Matthew Theal: And just to let most people know, most retirees should have been pretty scared during that time, which is a normal feeling. And then actually most young people should have been extremely excited and ready to move money from the savings account or the retirement accounts and get more aggressive, right? Because their time horizon is so long, so it doesn’t matter if they lose money temporarily.
Brent Pasqua: Yeah. I mean, most people who are under 40 hadn’t seen an opportunity like that since 2008, and that was 13 years ago. And a lot of that age group was probably still too young to even know at that point, how to take advantage of the market.
Matthew Theal: Exactly.
Joshua Winterswyk: And that mindset to me just isn’t there yet. With housing, it is with Americans. When the housing market drops, everyone wants to buy a house, right? The stock market drops, not enough young people are going out there saying I need to buy stock or invest more, right? So I think that it was just a good test and a good tool to talk about going forward of we need to seek those opportunities too, especially in the market.
Brent Pasqua: Outside of portfolio management, what are some risks people face in their financial plans?
Matthew Theal: So there’s quite a few, I think the one that gets underlooked a lot as well, especially with younger people, and most people actually don’t even know how to quantify this amount, but the life insurance, right? So understanding how much life you need, how to purchase it, when you want that policy to expire if you go to the term route. And how that should be used as a general tool and a financial plan, gets really underestimated by people.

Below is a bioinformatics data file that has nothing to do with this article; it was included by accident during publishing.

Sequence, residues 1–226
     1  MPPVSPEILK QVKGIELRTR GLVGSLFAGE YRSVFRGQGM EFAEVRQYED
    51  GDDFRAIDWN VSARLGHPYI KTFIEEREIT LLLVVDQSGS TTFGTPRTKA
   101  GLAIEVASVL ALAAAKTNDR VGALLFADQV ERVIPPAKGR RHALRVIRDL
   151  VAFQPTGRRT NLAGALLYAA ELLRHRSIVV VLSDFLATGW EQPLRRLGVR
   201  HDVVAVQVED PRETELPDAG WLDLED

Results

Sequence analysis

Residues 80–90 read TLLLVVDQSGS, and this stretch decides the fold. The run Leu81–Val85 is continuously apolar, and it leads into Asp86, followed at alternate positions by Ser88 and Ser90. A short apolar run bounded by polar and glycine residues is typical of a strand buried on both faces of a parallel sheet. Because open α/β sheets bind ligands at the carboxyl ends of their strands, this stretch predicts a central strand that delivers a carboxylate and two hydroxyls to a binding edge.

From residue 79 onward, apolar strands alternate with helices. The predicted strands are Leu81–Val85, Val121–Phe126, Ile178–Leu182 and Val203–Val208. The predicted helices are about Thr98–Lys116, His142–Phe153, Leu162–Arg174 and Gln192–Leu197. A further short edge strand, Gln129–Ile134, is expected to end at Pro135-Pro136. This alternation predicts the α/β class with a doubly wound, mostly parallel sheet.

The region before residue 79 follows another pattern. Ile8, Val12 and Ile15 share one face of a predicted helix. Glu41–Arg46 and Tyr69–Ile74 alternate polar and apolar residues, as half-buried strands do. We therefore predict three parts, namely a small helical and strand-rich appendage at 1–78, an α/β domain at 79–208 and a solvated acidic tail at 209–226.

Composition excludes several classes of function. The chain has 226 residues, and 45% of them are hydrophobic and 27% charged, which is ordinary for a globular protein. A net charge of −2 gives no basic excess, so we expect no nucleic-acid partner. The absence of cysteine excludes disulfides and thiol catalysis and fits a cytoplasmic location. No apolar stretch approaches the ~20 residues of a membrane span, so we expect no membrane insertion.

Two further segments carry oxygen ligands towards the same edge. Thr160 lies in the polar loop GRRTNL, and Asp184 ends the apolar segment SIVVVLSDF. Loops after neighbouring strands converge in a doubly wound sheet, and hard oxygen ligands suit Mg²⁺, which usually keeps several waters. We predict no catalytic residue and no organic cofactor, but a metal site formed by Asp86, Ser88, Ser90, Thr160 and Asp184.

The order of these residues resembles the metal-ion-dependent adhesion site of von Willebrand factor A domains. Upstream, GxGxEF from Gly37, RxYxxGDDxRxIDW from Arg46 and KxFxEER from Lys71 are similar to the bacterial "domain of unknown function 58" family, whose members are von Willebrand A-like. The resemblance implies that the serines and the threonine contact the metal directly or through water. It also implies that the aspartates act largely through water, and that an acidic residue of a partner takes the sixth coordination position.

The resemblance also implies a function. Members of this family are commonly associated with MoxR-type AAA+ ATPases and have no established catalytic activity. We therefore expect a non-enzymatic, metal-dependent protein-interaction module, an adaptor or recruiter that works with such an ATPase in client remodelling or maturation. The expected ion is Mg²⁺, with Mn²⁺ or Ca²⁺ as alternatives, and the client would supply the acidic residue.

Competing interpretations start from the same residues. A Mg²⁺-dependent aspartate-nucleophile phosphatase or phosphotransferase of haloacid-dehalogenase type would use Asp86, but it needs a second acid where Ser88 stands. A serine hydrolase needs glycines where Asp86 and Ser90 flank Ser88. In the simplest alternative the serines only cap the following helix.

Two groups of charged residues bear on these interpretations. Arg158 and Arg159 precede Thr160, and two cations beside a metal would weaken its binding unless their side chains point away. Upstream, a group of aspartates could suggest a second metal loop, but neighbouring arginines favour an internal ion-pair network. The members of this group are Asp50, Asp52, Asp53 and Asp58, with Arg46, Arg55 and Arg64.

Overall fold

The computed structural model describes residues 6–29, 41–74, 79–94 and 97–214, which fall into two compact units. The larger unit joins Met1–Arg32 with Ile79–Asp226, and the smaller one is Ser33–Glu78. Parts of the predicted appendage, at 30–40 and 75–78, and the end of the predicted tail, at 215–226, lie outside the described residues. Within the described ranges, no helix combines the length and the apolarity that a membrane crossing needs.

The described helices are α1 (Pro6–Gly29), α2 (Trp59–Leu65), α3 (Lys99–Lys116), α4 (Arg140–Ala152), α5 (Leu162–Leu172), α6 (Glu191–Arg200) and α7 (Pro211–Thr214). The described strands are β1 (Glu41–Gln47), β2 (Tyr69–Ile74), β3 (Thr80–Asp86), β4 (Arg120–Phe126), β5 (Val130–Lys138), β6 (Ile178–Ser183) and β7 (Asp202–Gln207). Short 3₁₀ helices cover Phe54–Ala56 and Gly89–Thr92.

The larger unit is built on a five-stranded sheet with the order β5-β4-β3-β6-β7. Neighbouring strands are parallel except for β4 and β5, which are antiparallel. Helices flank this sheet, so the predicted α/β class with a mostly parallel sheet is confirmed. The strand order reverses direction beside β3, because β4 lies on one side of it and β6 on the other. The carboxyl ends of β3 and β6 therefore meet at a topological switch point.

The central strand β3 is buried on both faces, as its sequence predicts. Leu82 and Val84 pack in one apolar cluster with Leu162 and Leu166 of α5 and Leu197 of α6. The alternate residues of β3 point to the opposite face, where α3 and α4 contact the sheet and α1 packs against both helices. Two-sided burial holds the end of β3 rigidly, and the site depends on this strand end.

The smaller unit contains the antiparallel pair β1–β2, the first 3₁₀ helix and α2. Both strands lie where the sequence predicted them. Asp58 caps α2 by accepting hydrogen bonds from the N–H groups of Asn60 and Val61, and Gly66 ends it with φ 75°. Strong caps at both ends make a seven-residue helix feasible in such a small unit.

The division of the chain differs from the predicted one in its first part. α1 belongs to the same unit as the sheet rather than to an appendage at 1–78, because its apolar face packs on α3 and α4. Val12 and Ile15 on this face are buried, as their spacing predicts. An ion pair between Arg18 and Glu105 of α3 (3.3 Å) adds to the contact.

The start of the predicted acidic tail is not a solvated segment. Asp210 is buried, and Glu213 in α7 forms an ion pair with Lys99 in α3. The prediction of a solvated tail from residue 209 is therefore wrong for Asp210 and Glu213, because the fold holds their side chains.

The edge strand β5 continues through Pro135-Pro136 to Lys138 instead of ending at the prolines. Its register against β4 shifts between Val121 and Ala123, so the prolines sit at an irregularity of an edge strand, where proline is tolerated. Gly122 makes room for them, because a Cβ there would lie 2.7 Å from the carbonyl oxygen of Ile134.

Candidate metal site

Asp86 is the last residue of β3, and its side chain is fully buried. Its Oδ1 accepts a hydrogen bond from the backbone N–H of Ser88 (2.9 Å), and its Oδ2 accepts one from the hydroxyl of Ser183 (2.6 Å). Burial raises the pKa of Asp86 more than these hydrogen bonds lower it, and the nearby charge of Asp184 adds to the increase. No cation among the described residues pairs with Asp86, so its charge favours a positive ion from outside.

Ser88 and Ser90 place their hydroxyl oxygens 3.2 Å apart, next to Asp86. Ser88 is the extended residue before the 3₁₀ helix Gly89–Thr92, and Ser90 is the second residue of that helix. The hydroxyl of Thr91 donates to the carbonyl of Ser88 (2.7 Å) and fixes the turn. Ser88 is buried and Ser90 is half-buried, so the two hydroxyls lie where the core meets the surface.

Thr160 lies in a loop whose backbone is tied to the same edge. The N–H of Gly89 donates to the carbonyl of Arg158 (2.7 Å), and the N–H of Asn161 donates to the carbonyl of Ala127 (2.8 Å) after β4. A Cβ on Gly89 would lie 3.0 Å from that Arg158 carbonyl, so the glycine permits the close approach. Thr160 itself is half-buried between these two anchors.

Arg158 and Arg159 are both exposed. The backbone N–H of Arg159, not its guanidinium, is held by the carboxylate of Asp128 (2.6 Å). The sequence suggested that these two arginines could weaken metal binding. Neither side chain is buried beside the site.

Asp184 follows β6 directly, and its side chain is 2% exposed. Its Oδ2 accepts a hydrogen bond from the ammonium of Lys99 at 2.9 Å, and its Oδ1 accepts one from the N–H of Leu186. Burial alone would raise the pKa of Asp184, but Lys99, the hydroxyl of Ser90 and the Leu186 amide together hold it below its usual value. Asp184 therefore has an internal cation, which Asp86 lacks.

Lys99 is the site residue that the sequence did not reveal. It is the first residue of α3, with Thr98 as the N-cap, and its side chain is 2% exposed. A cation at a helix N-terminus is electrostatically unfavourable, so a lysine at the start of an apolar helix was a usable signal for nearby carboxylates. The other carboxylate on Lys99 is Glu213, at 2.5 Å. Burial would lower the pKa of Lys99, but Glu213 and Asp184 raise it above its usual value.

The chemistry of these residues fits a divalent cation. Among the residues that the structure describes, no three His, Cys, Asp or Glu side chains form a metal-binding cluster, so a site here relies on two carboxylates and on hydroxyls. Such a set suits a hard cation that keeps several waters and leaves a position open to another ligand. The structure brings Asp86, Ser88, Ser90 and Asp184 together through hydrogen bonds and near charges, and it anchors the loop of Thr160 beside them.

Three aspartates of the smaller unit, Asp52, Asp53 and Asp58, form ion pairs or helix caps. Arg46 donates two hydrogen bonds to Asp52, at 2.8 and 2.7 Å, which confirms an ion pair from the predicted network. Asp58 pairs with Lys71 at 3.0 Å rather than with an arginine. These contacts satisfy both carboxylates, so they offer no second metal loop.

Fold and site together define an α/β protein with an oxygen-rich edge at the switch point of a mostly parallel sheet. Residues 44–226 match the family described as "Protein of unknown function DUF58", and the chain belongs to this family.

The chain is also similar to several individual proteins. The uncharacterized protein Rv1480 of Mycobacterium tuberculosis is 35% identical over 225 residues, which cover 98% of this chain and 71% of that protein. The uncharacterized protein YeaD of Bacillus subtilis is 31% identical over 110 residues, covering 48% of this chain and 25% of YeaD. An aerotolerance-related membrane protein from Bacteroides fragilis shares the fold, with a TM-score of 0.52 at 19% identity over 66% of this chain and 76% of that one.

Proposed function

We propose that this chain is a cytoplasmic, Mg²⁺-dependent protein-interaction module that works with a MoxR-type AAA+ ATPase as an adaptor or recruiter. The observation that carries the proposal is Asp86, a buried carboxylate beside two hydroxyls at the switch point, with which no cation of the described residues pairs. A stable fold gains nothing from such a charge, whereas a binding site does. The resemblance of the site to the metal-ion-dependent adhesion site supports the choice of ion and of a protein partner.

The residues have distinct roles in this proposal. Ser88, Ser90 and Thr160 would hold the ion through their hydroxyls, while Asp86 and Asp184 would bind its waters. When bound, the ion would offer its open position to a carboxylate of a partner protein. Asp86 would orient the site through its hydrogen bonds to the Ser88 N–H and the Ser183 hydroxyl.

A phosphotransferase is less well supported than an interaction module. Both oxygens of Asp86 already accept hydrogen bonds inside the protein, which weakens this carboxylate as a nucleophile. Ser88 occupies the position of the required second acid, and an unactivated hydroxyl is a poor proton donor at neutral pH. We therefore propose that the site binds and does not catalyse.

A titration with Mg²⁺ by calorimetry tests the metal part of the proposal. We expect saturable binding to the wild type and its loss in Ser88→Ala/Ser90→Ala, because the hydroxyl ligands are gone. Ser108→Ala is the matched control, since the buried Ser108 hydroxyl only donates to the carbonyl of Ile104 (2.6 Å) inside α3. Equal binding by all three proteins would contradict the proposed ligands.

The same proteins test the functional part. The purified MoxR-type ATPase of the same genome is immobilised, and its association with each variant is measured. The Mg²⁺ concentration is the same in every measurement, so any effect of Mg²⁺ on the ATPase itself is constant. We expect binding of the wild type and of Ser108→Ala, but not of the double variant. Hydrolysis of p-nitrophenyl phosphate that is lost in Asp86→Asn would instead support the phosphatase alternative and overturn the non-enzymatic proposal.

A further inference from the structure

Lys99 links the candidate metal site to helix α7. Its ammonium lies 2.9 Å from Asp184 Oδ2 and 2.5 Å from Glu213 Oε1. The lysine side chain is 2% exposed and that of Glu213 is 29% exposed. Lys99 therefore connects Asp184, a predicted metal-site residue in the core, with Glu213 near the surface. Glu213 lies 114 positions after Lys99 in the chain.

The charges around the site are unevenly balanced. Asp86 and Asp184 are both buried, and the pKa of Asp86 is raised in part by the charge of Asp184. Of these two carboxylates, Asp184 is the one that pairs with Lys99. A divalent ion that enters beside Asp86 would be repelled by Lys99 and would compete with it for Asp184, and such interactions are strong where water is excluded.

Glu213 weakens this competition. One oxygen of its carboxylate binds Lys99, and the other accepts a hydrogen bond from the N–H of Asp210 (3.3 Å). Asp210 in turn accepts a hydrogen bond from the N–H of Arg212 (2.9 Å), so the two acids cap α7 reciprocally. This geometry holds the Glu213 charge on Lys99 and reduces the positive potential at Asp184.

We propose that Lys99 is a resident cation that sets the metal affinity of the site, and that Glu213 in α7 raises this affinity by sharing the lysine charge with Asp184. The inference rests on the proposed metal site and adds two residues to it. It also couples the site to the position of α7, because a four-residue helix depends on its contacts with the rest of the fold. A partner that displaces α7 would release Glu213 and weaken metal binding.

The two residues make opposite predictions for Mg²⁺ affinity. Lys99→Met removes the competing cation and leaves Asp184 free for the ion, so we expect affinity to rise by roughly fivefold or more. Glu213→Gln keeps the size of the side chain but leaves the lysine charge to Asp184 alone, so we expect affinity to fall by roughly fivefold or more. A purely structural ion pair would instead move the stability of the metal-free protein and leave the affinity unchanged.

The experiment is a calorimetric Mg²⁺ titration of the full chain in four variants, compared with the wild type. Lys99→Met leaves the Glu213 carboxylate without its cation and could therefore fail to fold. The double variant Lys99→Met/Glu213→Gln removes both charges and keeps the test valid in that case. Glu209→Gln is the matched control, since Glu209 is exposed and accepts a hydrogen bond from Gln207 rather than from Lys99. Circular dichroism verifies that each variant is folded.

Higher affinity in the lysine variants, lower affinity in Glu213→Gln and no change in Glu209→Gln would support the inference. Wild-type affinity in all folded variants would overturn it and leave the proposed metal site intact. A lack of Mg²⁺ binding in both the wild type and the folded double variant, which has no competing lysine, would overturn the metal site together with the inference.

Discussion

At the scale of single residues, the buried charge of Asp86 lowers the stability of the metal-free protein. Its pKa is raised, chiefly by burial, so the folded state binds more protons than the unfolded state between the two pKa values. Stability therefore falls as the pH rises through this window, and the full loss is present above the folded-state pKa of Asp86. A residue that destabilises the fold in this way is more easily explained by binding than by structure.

Joshua Winterswyk: I think another risk is going to be just your overall health. I know we’ve talked about health on our podcast a little bit before, but I think it is a really big risk, right? Not only when we’re thinking about medical bills, but just lack of being able to work, right? Earning income, stuff like that. So without your health, like we have talked about, no wealth, right? So that is a big risk to your financial plan and just your future.